The best part of counting though is all the number ones. There are so many firsts you get to experience and really appreciate that most people never will. The first time you can walk into a washroom and NOT have people stare or tell you you're in the wrong place. The first time you are acknowledged as male over the phone or in person. The first time your mom sends you a card that starts: To a Wonderful Son, the first time you visit with your father and don't feel anxious and get into an argument. Your first driver's license that has an M as the gender marker. The first time you see your new chest, the first time you go swimming without a shirt on. The first time you wear a shirt and tie after top surgery. The first time you can walk past a tall building without imagining what it might be like to step off the roof.....these are all great events that most people never experience.

I have a lot more firsts to come and a lot more things to count. I am really looking forward to the first time I step into a university as a graduate student, the first time someone falls in love with me for the man I am today, the first kiss of a new lover, the first time my writing appears in print, my first solo art exhibit, my first moustache, my first teaching gig. There is a lot of counting in my future, now tell me what you've been counting?


Looking Back, Looking Forward.

The first Christmas I celebrated after I started my transition was spent away from home as a newly single guy. It was pretty lonely. I didn't feel anything but miserable and that feeling lasted well into the new year. I was a pretty sad sack this time last year and even though I had a lot to look forward to I couldn't see past the immediate misery of everything I was lacking instead of realizing what was all around me.

I sit here now a year later and look at everything I have and what will be happening in 2012 and I feel like I have grown up yet again. Transition is definitely a journey in its own right but over the past year I really feel as if I have definitely defined who I want to be. I have a loose plan to become that man.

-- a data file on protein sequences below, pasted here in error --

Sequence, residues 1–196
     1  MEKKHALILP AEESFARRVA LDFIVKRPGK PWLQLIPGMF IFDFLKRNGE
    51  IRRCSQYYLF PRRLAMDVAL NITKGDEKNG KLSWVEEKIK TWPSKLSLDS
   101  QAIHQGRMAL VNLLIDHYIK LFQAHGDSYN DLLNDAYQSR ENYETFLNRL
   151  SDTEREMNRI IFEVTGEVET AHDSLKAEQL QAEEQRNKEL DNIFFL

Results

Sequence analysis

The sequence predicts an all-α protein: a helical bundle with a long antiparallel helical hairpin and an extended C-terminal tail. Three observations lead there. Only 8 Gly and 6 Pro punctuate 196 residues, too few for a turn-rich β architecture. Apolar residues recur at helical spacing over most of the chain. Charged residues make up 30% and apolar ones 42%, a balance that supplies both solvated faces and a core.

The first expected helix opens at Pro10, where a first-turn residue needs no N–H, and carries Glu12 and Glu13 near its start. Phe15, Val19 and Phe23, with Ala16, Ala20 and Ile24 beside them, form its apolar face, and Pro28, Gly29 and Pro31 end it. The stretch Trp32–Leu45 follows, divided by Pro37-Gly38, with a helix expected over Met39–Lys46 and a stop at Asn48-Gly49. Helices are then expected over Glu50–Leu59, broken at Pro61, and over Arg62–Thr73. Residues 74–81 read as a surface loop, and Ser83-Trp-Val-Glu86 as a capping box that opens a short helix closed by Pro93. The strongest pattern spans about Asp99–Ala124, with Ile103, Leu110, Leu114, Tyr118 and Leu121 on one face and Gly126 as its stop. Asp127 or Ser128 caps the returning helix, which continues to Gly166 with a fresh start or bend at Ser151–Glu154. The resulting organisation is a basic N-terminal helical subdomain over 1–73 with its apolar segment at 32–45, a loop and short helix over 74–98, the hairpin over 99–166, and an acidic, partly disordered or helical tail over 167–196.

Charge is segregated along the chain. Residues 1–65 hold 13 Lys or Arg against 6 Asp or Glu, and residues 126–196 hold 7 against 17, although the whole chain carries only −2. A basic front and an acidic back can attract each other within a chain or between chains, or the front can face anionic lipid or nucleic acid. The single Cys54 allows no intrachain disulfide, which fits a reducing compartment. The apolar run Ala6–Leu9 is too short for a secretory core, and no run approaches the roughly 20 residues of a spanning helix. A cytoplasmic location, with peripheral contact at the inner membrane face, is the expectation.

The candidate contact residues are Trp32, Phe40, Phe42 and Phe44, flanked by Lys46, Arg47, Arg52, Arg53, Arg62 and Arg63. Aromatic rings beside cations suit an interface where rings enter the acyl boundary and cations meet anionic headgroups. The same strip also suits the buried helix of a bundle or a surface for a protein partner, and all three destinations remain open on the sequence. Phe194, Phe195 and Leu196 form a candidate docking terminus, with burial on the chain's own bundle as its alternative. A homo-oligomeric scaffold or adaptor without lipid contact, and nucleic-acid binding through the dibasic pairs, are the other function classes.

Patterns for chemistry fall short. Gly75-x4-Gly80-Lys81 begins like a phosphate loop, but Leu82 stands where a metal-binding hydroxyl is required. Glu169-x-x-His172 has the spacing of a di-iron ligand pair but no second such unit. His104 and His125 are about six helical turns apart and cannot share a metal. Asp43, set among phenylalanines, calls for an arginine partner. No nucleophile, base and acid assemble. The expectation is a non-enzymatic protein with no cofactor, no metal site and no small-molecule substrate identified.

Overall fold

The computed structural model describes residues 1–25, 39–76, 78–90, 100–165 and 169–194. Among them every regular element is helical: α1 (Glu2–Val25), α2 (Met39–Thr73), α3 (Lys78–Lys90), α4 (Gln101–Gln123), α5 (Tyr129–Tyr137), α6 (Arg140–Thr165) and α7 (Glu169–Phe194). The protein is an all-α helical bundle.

Being on my own for the past year has been a challenge but has really helped me become a man in my own right. I have been single for the first time since I was 18 and I am surprised at how much I have accomplished. I have had to trust myself to make my own decisions and deal with the consequences or successes of each decision. I have had to choose my own path and decide on my own future without the influence of responsibilities such as a partner, a mortgage, or children. I find I am in a position a bit unique from my peers many of whom are busy raising a family. I am at a point where the world is my oyster, a point most people experience at twenty.

Looking into the year ahead, I want to build upon the confidence and success I feel I have accumulated so far. I have made some wonderful new friends over the past year and hope to strengthen those ties in the upcoming year. I have stepped up to take on new responsibilities at work and hope that will offer me not only some financial security but some new experiences and maybe even a little bit of travel as well. I have a few opportnities to expand on my art career and I plan to maximize those in any way I can.

All in all the past year has been challenging but successful. I hope to have all my medical procedures completed this year including revisions to my chest to fix the dog ears under my arms as well I hope to finally have my hysterectomy. I have pending referrals for both and hope that both can be completed quickly and without incident. I will try to be more diligent in writing this year but as things slow down and become more routine I find there is less to discuss with regard to transition. It doesn't take long for a new normal to establish itself and for the preoccupation of your own transition to wane.

So here's to another year of adventure and success, challenges and lessons. Good luck to everyone and thanks for reading!